Homecoming is full of parades, games, and dances. It’s not usually adulterated with blatant displays of racism. But last week, Copper Hills High School in West Jordan, Utah broke the “unusual” barrier. The cheer team dressed up as “Pocahotties.” You know, short tunic, war-painted faces, chicken feathers, stoic and sexy poses, dancing around like fools. On their homecoming parade float was inscribed a “real life” quote from Pocahontas (the Disney movie): “Sometimes the right path is not the easiest one.” Thanks, Grandmother Willow. You’re so wise…like an Indian.
Popular posts from this blog
This past year has marked an awakening for Indigenous Peoples. At the center has been the struggle at Standing Rock, North Dakota against the Dakota Access Pipeline. I was moved to action as I saw my Native sisters and brothers stand against an encroachment which threatened not only their inherent sovereignty, but also their humanity. These water protectors were pummeled with rubber bullets, sprayed with powerful water cannons in freezing temperatures, attacked with dogs, and shot with pepper spray, while bulldozers cleared away sacred land and burial sites so that a pipeline could be pushed through. The love of money by a small, but powerful few, is sickening to the rest of Americans, regardless of political affiliation.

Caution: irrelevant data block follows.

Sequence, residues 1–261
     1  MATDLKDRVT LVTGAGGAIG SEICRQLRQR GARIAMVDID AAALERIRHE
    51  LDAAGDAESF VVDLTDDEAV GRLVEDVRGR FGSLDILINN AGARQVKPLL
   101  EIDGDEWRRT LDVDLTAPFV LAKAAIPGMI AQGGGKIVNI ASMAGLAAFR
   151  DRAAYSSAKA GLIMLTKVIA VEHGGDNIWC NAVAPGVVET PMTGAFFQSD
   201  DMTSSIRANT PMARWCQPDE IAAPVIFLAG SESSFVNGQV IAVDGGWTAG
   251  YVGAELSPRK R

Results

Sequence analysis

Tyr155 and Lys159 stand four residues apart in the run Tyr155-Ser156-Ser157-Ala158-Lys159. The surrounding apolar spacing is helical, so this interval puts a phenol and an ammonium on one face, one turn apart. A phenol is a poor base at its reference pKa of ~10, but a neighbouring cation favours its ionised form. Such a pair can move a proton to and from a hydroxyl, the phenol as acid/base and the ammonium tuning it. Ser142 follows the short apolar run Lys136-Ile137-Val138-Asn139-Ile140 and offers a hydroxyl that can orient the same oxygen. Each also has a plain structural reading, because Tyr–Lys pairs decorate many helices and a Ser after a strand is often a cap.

My heart is heavy as I watch in disbelief as men in uniforms, wearing bulletproof vests, wielding assault rifles, form lines and advance on the water protectors. Behind them are armored vehicles, the kinds used in times of war. In the air are helicopters, constantly vigilant of our protectors position on the ground. I see the bravery of the water protectors as they stand for Standing Rock. They’re met with pepper spray, literally hosed on them. They resist attacks from dogs, rubber bullets, and the eruption of guns. They’re herded like animals, marked with numbers, and hauled off -- because as Americans, we value profit over people. I am witnessing, before my eyes, the erasure of my people.